Ultrasound detection of the skull-brain interface: A phantom study

Tony de Souza-Daw, Philip Mark Lewis, Paul Andrew Junor, Robert Stewart, Jerome Joseph Maller, Richard Manasseh

Research output: Chapter in Book/Report/Conference proceedingConference PaperResearchpeer-review

1 Citation (Scopus)

Abstract

Transcranial Sonography is a clinical procedure for monitoring cerebral blood flow in patients suspected of suffering from severe blood flow disruption in the brain. The Transcranial Doppler (TCD) clinicians are currently only guided by their experience and the temporal bone surface to position the Doppler probe on a suitable site for TCD. This site is known as an acoustic window. Neither experience nor the bone surface can sufficiently improve TCD procedure time for new patients. A suitable acoustic window for transcranial Doppler ultrasound can be difficult to find, and in some patients, no such acoustic window is possible. It is hypothesized that the visibility of the temporal bone in an acousto-spectroscopic image suggests an appropriate transcranial Doppler ultrasound acoustic window. The aim of this research is to investigate the ultrasonic detection of such a pathological acoustic window. It was anticipated that an acoustic window would best be detected by its Acousto-spectroscopic properties in an attenuation-velocity image. These images contrast hard tissue from soft tissue based on their acousto-spectroscopic properties. Identifying where the temporal bone is the thinnest could potentially indicate the best location for performing a Transcranial Doppler procedure. Experimental investigations on a specially designed layered transcranial phantom were carried out to detect the region where the temporal bone is the thinnest and hence suggest an adequate acoustic window. It was shown that a plausible transcranial acoustic window is visible in an ultrasound image, a previously unreported and very promising result. Attenuation-velocity images showed greater boundary contrast between hard and soft tissue. However, hard and soft tissue regions appear similar in comparison to B-Mode images. It was determined that nonuniform scattering from inhomogeneous life-like tissues causes attenuation-velocity images to display less media contrast such as bone versus soft tissue contrast. This research is the first to report that B-Mode images are currently the best method for visually detecting a plausible potential acoustic window for Transcranial Doppler. ? 2012 IEEE.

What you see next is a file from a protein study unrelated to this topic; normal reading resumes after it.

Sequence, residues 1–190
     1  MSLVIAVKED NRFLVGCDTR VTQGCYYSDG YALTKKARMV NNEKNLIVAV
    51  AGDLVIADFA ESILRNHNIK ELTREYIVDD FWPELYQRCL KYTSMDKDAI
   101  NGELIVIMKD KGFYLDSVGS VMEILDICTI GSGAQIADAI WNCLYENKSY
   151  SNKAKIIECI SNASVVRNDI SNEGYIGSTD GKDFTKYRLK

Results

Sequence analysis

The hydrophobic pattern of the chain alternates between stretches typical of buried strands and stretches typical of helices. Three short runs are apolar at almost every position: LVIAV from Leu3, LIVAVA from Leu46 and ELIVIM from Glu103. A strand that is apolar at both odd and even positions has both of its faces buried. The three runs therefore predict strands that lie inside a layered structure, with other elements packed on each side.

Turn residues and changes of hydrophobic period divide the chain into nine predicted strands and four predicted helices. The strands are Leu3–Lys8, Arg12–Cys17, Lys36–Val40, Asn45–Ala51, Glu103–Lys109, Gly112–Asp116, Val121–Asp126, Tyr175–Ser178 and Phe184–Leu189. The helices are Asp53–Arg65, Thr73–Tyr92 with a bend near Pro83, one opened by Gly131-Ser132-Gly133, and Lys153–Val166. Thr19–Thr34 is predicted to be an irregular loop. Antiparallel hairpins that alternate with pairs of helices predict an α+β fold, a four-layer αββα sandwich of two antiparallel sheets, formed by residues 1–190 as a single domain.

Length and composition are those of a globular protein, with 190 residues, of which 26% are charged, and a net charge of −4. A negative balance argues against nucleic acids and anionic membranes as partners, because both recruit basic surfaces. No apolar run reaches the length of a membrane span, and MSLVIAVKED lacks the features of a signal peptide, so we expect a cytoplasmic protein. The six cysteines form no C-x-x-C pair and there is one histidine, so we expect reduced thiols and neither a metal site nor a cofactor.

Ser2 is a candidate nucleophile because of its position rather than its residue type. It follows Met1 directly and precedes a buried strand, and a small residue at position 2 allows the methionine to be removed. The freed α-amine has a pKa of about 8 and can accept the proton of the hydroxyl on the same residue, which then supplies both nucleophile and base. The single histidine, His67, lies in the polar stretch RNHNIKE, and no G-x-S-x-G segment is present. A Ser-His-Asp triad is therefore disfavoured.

Original languageEnglish
Title of host publication2012 International Conference on Control, Automation and Information Sciences (ICCAIS)
EditorsVan-Minh Chau
Place of PublicationUSA
PublisherIEEE, Institute of Electrical and Electronics Engineers
Pages181-186
Number of pages6
ISBN (Print)978-146730813-7
DOIs
Publication statusPublished - 2012
EventInternational Conference on Control, Automation and Information Sciences - Saigon, Vietnam
Duration: 1 Jan 2012 → …

Conference

ConferenceInternational Conference on Control, Automation and Information Sciences
CountryVietnam
CitySaigon
Period1/01/12 → …

Cite this

de Souza-Daw, T., Lewis, P. M., Junor, P. A., Stewart, R., Maller, J. J., & Manasseh, R. (2012). Ultrasound detection of the skull-brain interface: A phantom study. In V-M. Chau (Ed.), 2012 International Conference on Control, Automation and Information Sciences (ICCAIS) (pp. 181-186). IEEE, Institute of Electrical and Electronics Engineers. https://doi.org/10.1109/ICCAIS.2012.6466582